Performance Driven Redundancy Optimization of Data Layouts for Walkthrough Applications

Jia Chen, Shan Jiang, Zachary Destefano, Sungeui Yoon, M. Gopi
Conference Papers Computer Graphics International (CGI) 2015, Strasbourg, France.

Abstract

Performance of interactive graphics walkthrough systems depends on the time taken to fetch the required data from the secondary storage to main memory. It has been earlier established that a large fraction of this fetch time is spent on seeking the data on the hard disk. In order to reduce this seek time, redundant data storage has been proposed in the literature, but the redundancy factors of those layouts are prohibitively high. In this paper, we develop a cost model for the seek time of a layout. Based on this cost model, we propose an elegant algorithm that computes a redundant data layout with the redundancy factor that is within the user specified bounds, while maximizing the performance of the system. Unlike most existing methods, our data layout method can work with models with textures. The interactive rendering speed of the walkthrough system was improved by a factor of 2-4 by using our data layout method when compared to existing methods with or without redundancy.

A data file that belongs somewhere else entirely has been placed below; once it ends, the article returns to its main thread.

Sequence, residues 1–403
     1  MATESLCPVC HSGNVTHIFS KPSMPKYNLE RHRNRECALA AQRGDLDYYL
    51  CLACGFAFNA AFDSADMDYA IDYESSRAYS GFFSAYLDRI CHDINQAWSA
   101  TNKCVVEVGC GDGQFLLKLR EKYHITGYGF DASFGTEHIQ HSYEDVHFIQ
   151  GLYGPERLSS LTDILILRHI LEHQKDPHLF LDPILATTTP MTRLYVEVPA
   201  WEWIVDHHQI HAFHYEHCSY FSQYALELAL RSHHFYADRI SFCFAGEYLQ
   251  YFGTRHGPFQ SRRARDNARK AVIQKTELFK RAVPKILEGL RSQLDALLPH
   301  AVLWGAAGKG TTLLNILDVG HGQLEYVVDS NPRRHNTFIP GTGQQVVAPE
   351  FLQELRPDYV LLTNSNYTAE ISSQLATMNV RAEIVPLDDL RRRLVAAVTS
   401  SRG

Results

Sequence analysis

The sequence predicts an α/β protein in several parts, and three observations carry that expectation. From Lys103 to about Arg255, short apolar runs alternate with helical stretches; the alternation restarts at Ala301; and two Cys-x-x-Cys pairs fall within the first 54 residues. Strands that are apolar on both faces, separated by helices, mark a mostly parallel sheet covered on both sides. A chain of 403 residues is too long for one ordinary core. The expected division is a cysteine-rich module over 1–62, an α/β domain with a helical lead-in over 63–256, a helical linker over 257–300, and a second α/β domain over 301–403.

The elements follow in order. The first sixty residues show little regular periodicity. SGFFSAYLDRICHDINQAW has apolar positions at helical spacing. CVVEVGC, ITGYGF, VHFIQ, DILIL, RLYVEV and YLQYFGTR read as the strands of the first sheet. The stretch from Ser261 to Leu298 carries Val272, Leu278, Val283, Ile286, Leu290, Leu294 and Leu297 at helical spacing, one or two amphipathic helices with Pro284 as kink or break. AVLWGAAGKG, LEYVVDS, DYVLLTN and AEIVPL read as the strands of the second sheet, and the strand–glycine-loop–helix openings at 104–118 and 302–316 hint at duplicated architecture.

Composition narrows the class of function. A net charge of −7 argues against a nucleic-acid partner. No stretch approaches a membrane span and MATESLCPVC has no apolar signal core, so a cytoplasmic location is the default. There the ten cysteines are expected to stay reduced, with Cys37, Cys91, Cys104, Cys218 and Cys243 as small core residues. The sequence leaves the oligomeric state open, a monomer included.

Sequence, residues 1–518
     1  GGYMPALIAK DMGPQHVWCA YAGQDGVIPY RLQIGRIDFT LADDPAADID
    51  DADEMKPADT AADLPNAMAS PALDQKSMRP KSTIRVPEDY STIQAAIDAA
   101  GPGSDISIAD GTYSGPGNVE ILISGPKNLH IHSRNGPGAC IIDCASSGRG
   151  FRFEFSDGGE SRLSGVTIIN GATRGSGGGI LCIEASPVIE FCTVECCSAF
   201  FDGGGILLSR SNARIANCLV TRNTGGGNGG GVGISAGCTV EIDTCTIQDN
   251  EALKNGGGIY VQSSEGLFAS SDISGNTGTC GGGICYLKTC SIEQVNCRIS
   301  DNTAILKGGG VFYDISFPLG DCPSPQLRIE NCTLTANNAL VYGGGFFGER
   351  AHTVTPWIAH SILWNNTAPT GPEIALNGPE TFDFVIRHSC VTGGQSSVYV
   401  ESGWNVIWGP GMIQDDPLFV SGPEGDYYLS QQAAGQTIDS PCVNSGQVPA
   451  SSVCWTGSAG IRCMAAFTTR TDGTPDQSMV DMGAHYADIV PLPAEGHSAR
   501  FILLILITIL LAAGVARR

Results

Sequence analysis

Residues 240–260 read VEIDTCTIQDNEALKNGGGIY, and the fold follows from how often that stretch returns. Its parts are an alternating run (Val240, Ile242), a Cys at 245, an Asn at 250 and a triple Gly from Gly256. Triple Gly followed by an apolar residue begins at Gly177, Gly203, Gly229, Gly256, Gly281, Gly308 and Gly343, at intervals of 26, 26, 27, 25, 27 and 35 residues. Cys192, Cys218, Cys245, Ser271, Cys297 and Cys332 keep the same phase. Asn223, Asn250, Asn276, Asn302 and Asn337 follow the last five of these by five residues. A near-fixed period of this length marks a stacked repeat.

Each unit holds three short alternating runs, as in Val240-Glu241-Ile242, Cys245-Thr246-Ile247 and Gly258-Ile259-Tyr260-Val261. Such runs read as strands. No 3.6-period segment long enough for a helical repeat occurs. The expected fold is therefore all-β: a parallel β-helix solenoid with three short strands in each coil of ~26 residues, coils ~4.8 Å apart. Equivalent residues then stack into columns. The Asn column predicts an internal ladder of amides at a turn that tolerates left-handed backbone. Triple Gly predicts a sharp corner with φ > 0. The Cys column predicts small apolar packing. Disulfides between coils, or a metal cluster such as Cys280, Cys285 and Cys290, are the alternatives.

High-Resolution Lighting of 3D Reliefs Using a Network of Projectors and Cameras

Behzad Sajadi, Madhdi Abbaspour Tehrani, Mehdi Rahimzadeh, Aditi Majumder
Conference Papers In 3DTV-Conference: The True Vision-Capture, Transmission and Display of 3D Video (3DTV-CON), 2015 (pp. 1-4). IEEE.

Abstract

Vibrant lighting of relief maps via high-resolution dynamic projected imagery can be a powerful tool for simulation, augmented reality, and visualization, enabling several scientific, educational and entertainment applications. This is usually achieved via multiple projectors lighting the relief map, which are then sensed by multiple cameras for geometric and color calibration. However, cumbersome semi-automatic calibration techniques have limited the applicability of such systems.

Content-Independent Multi-Spectral Display Using Superimposed Projections

Yuqi Li, Aditi Majumder, Dongming Lu, M. Gopi
Conference Papers EUROGRAPHICS, Volume 34, Issue 2, pages 337–348, May 2015

Abstract